I am really a beginner to github and git, I had a repository on my github with some base code, and recently I installed a new operating system an backup my application code and added a lot of things to it, when I tried to push the changes to github, I got an error :

 [rejected]        master -> master (fetch first)
error: failed to push some refs to 'root@....git'
hint: Updates were rejected because the remote contains work that you do
hint: not have locally. This is usually caused by another repository pushing
hint: to the same ref. You may want to first integrate the remote changes
hint: (e.g., 'git pull ...') before pushing again.
hint: See the 'Note about fast-forwards' in 'git push --help' for details.

I searched on line and found a command which I executed :

git pull --rebase

This caused me another issue and I searched and found another command which I executed as well

git pull origin branchname --allow-unrelated-histories

another error show up and found another answer which I executed :

git fetch origin
git reset --hard origin/master
git pull

This one removed all the changes I've made on my local computer and replace it with the base code I had in the remote (github) repository

Sorry guys I know ignorance is not bless but now I am asking if there is any way to get my code back ?

  • wooow I just posted this 1 seconds and saw someone down voted it right away !!!!! anyway I am not going to deal more with these kind of people, please I need help about this guys – medBouzid Sep 27 '17 at 15:35
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    git reflog might help for files/changes that are part of at least some commit. I'm sure there are related questions on here. – C-Otto Sep 27 '17 at 15:35

You have somehow messed up the HEAD of your branch by using reset --hard. Use reflog to find the last commit you had before you decided to rebase, and then reset to that commit.

git reflog -g

# find the commit id which you want to return to using the commit message
# It might contain two commit ids for the same commit message 
# if rebase was successful. Choose the older one.

git checkout -b temp_branch
git reset --hard <found_commit_id>
  • men I love you, you saved my work – medBouzid Sep 27 '17 at 15:42
  • when I try to merge the temp_branch it says : refusing to merge unrelated histories – medBouzid Sep 27 '17 at 15:54
  • I don't know why you're facing this error, but you can pass --allow-unrelated-histories parameter while merging. Try to do it on another temp branch so that you don't end up doing something undesirable. – hspandher Sep 27 '17 at 16:01
  • Why do you use -g? I can't find documentation for that option. – C-Otto Sep 28 '17 at 10:32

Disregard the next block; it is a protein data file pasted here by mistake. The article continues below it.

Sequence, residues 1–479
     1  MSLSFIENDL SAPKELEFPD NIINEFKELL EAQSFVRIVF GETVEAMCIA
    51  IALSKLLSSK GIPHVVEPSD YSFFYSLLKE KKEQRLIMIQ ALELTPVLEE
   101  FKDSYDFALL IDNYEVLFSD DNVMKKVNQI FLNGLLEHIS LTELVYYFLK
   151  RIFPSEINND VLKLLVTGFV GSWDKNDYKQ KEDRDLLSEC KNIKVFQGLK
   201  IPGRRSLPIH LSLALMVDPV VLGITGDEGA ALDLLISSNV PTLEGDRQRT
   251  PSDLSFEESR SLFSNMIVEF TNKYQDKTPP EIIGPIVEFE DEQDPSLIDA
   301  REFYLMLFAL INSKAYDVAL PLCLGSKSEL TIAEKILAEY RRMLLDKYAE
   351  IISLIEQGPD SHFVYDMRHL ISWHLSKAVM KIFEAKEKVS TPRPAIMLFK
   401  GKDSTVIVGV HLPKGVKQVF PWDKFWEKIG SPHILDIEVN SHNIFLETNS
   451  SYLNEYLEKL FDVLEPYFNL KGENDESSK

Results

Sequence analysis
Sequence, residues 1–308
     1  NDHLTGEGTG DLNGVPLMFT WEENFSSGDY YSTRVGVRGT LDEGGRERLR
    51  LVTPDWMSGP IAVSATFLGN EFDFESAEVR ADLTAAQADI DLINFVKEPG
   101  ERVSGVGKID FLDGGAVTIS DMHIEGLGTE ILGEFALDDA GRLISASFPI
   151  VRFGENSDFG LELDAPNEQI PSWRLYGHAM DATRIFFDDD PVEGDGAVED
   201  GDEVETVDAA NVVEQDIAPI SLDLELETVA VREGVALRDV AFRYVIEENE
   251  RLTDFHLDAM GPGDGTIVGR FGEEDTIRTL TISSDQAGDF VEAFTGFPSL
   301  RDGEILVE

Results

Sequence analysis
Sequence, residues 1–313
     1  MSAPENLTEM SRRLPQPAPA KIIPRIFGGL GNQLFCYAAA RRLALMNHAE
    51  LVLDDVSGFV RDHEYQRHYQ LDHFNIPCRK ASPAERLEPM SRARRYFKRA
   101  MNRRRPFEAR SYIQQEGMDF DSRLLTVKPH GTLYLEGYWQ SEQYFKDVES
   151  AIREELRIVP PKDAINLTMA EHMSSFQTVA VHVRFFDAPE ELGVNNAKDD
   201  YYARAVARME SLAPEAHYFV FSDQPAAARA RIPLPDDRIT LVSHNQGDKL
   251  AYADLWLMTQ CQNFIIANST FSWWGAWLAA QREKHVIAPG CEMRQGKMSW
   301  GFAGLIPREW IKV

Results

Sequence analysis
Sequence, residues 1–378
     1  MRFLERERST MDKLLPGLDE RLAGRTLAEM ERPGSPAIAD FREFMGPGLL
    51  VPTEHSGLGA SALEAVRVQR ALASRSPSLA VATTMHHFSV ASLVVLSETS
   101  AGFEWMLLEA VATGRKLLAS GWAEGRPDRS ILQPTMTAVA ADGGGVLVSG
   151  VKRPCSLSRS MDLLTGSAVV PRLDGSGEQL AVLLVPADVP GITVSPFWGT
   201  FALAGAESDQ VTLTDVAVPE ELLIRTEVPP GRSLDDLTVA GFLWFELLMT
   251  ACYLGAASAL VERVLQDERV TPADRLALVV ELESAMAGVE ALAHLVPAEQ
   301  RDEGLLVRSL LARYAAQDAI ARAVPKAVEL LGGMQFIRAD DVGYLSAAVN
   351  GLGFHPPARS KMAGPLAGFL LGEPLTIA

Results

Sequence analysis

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    @C-Otto Now come to think of it, out of habit I guess since I couldn't find any documentation for it either. I am used to using git log -g, seems I mixed up the commands. My bad :) – hspandher Sep 28 '17 at 10:39

Sorry guys I know ignorance is not bless but now I am asking if there is any way to get my code back?

Well, restore it from your backup. If you do not have it then no, all your uncommitted changes are most likely gone. Not necessarily for good as yet the last chance is to shut down the machine immediately, put your HDD to other machine, mount disk as read-only and try to use "undelete" type of tools.

git commands deleted my stuff

No. You did. By doing things w/o understanding what will be the outcome. Be glad no-one posted rm -rf / as a ultimate solution for you to copy and paste... I believe you learned to always do a copy in case something would go wrong. And to to execute unknown commands blindly.

  • but if he had commits before hard reset, he can try reflog – Alexan Sep 27 '17 at 15:41
  • Also, if he had staged but not committed changes, it's possible to search the raw object database for interesting-looking things. – o11c Sep 27 '17 at 15:43
  • @Alexan yeah I did and it worked :) – medBouzid Sep 27 '17 at 15:43
  • @MarcinOrlowski you made me feeling worst about myself, and lost hope, I solved the issue using hspandher solution, but I learned to not do this ever again. by the way I know linux commands and won't delete the home directory lol – medBouzid Sep 27 '17 at 15:45
  • Glad you managed to recover, Learn the lesson as you were simply lucky this time. As for Linx - I am afraid you just think you do know linux commands :) rm -rf / is not deleting your home directory... – Marcin Orlowski Sep 27 '17 at 15:52

hspandher's answer is true, but i want to add some more info.

You may see the commit id in git log too, depend's on what happened with the branch.

Also the first error was a normal merge error,

git pull --rebase

try to pull the changes from it's upstream, then rebase your changes to the HEAD of the upstream branch, basically it will look like you would have started to work from the last commit, but there can be conflicts during this. It's kinda like a ff merge, but you pulling the remote master in.

Take a look at this: enter image description here

Now if you work in a team, ask them what is their merge strategy, because there can be huge differences between repos. Also just a rule of thumb, always use own branches if you work with others, you can always merge it back, but screwing up the remote on origin can give someone a nice little fun.

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